Wednesday, December 2, 2009

Freak Out

I managed to totally freak myself out last night. So much so, I sent D off to bed by himself so that I could work on it late into the night.

First of all, I got my month end statement from work. It was good. I made $222.16 extra (take home) over projections and now I have my income for the year. Total extra net income for 2009 comes to $10765.43.

All was good until I inputted the numbers into my online income tax software. I thought I was close to breaking even with respect to income tax. Here I was thinking I got the system down pat.

It turns out I didn't, not by a long shot. When I started replacing last year's expense numbers with this year's, I noticed a trend.

My frugality efforts at home has significantly rubbed off at work too. My default expense tax numbers from last year were too high, way too high, some cases 50% too high.

So you know what that means, I will owe next April, in the thousands. Not happy that I will need to make room for that expense on the spreadsheet.

I still have Dec. expenses to add in but it will not likely make a significant impact as I am not anticipating spending much on my business in the next few weeks.

Yikes. My first frugality horror story!

I can now understand why people scramble for "write offs" at the end of their fiscal year.

D thought this would be a great use case for going out and leasing my EVO... (he was joking) Fortunately I am not the type to do such spur of the moment things for tax relief.

Really, when you think about it, you still need to spend first and that goes against the point of this exercise.


  1. Instead of giving the money to the government, do you have enough RRSP contribution space (and money) to make a contribution large enough to wipe out your tax liability?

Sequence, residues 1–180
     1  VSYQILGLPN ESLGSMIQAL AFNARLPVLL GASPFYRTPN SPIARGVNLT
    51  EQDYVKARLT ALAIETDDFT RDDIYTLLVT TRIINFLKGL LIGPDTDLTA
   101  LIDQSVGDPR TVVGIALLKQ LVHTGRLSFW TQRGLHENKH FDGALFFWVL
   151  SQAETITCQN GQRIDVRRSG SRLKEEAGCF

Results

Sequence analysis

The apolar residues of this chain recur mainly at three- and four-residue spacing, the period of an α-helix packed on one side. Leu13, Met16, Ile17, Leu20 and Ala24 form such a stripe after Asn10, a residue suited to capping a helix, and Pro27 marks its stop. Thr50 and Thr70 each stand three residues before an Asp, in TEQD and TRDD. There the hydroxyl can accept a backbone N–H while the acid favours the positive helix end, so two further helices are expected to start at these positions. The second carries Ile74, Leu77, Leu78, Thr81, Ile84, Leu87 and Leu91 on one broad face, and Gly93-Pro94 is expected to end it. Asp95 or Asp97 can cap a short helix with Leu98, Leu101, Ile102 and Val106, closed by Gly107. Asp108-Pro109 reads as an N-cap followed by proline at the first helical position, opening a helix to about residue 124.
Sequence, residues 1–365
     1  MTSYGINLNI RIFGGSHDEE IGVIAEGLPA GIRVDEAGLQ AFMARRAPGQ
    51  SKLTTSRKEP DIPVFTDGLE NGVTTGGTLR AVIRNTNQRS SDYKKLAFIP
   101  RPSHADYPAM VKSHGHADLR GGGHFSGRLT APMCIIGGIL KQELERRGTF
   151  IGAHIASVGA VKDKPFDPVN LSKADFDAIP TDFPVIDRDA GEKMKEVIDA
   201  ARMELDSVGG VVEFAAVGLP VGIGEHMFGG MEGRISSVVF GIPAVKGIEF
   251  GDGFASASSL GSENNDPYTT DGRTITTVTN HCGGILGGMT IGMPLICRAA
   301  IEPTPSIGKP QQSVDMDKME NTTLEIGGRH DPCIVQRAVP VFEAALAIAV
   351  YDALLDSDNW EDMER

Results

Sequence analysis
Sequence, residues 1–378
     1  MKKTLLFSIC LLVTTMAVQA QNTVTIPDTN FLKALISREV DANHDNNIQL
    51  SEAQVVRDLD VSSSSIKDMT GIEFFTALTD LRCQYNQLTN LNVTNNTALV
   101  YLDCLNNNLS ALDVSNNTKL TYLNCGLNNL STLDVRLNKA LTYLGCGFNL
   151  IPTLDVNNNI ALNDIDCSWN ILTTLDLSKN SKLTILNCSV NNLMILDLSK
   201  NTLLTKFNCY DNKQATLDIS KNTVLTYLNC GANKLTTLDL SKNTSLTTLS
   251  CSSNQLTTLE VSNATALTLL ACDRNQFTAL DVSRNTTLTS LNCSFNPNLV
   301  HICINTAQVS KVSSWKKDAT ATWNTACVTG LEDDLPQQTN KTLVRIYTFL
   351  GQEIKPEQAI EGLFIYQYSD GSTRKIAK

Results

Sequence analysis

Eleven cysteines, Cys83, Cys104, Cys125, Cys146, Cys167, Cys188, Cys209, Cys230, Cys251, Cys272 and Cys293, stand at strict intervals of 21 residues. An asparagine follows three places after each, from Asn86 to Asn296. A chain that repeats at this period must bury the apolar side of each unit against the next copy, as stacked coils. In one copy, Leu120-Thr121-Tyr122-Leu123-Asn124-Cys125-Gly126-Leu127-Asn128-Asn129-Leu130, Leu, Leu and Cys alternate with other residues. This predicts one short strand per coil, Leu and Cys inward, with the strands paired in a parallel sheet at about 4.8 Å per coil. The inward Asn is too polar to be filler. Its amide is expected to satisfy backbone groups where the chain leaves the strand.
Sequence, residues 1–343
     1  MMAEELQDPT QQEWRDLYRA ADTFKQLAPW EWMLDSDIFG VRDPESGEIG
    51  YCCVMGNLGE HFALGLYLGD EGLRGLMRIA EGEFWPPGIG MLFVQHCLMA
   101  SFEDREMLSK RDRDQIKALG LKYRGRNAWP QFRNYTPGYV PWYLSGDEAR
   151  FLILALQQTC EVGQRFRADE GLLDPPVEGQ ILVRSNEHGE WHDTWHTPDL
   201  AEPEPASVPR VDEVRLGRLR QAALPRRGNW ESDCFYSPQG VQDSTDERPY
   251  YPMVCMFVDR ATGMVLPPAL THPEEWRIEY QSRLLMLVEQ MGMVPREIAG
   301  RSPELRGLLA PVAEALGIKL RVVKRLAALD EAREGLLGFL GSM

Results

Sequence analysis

Depending on D's income situation, are you two maximizing all available income splitting opportuniies?

    I hate owing taxes! We pay enough through the year - it's a real downer when you learn you have to write them another cheque in the spring. You have my sympathy and understanding!

  2. Thank you for your understanding!

    I don't know anything about income splitting outside of the rsp and cpp framework but I'll definately look into it.

    It will cost in the $15000 range to nearly wipe out my tax liability. I am looking into whether I'm willing to cash in some non reg. money for it...sigh!

  3. Depending on the income differential between you and D, you could, for example, give him a loan at the prescribed rate (which I believe is 1% right now) and he could use that money to invest/ whatever your financial goals are - the investment income would be taxed in his name...voila...income splitting!

    You would need an accountant to help you set this up. Details can probably be found on the CRA website.

  4. I talked to D about it and he doesn't think we have enough of an income difference for it work right now.

    As I scale back however, this may be a very viable option for us. Thanks again for the great tips!

  5. Your "extra" income is my gross income as a work-at-home mom. But the good news is my income tax is VERY low! And I am available to the kids and don't need to pay rather pricy daycare costs (and then daycares don't accept them if they are ill either, so income is lost those days -- my school agaed kids catch everything!)
    Long story short, my tiny income is just fine for our frugal lifestyle -- but my husband takes the biggest sacrifice being the main breadwinner for the house and working full time and then some!
    Kids change everything. Financially they are a hinderance, but OF COURSE they are worth it for us!!!
    Oh-- I got off topic!

  6. Hi Pol!

    I think it is awesome you are able to be at home with your children. It is incredible how much childcare costs -- private or public.

    A lot of people I know still do not believe it but you and I know how powerful frugality is. It can allow many things to happen. Staying low on the tax radar is one of them! Good for you!